This is an archived article that was published on sltrib.com in 2011, and information in the article may be outdated. It is provided only for personal research purposes and may not be reprinted.
Republican leaders in the House and Senate say they support extending a temporary payroll tax cut that has provided Americans with a little more spending money in a bad economy.
But Sen. Orrin Hatch, the top Republican on the committee that writes tax policy, doesn't appear ready to support that position, arguing the tax holiday first championed by President Barack Obama hasn't worked and shouldn't be continued.
"I cannot support extending tax policies that were intended to be temporary and that have proven to be ineffective at creating jobs or stimulating economic growth," said Hatch, R-Utah.
Last year, Congress at the urging of the president temporarily reduced the payroll tax paid by employees from 6.2 percent to 4.2 percent. That reduction expires at the end of the month, and the two parties are trying to reach an agreement on how to fund an extension, and possibly an expansion, of that tax relief. The payroll tax pays for Social Security.
Obama and the Democrats want to cut the tax rate to 3.1 percent for workers, while House Speaker John Boehner and Senate Minority Leader Mitch McConnell prefer to keep it at 4.2 percent.
On Thursday, the Senate voted on and rejected partisan proposals that would keep the Social Security Trust Fund whole. The Democrats would cover the cost of their $265 billion plan by increasing taxes on millionaires, while Republicans tried a cheaper version funded by freezing federal wages, reducing the federal workforce and making the wealthy pay more for Medicare.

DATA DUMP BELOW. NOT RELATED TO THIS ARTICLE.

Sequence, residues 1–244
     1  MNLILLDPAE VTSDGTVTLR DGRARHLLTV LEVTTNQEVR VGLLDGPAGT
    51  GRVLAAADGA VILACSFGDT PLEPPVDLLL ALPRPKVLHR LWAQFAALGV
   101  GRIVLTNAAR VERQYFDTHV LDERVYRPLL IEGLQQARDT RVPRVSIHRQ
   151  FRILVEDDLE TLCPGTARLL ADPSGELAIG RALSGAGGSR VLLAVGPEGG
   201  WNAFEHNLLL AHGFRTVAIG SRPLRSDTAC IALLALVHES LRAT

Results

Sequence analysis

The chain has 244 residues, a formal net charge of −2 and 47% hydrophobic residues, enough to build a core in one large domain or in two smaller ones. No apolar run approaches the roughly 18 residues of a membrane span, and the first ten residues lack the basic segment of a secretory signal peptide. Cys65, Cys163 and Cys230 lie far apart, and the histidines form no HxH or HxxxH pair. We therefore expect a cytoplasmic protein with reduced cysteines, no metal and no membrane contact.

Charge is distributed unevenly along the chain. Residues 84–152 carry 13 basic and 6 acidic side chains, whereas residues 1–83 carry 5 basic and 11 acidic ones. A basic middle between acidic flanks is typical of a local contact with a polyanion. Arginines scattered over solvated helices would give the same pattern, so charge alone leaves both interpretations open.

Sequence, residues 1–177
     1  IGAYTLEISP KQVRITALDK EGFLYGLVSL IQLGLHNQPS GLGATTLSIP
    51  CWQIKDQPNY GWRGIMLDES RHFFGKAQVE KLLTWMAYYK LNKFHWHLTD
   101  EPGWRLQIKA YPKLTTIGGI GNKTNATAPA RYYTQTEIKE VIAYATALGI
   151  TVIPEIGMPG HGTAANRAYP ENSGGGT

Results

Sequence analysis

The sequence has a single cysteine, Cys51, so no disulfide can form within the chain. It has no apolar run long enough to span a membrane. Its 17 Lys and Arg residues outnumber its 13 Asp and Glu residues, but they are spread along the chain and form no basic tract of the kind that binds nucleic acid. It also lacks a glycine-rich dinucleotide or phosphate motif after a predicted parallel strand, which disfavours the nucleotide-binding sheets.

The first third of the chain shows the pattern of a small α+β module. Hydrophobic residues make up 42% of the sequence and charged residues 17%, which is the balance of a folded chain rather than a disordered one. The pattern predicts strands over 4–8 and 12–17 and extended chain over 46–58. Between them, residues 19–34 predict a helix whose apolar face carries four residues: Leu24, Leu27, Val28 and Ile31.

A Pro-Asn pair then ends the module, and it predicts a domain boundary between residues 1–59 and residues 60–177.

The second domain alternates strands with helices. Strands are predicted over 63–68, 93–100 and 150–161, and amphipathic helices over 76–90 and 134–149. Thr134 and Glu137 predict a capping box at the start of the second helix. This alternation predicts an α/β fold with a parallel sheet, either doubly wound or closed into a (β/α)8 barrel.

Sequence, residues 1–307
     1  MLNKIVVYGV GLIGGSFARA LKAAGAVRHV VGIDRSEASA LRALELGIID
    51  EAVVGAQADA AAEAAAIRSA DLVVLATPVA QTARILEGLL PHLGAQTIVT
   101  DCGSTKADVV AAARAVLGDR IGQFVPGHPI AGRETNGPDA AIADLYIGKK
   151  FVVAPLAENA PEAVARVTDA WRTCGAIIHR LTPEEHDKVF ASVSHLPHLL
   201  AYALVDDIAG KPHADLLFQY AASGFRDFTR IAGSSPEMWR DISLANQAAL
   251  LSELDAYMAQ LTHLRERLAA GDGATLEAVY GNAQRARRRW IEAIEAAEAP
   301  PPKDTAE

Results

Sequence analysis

Now party leaders are negotiating a compromise that they hope to push through Congress before they break for Christmas.
Hatch became disillusioned with trying to stimulate the economy in the short term through the tax code after he joined with Sen. Chuck Schumer, D-N.Y., in 2010 to reduce the employer side of the payroll tax if the company hired someone who had been out of work for more than two months.
Hatch was discouraged that the limited program didn't result in much job growth and has decided a better tactic is a broader reform of the tax code.
"Instead of a short-term Band-Aid that doesn't help the unemployed, a better approach would be to fundamentally overhaul and restructure our tax code to permanently lower people's tax rates," he said.
For years, congressional leaders have talked about a broad tax reform, but no major proposal is in the offing.
While Hatch doesn't like the idea of extending the payroll tax holiday, which for the average family equates to about $1,000 in a year, he did like McConnell's proposal to pay for it.
But he would like to use the money created by shrinking the federal workforce and having the wealthy pay higher Medicare premiums to reduce the nation's debt.
Tax cut fight
President Barack Obama has made the payroll tax cut extension a priority, warning that if Congress doesn't act before the holiday recess, "we can all spend Christmas here together."
Republican leaders in the GOP-controlled House and the Senate, controlled by Democrats, say some version of the tax cut extension will pass. Republicans fear the political fallout if the break expires Jan. 1 and taxes go up on 160 million wage-earners.
The Associated Press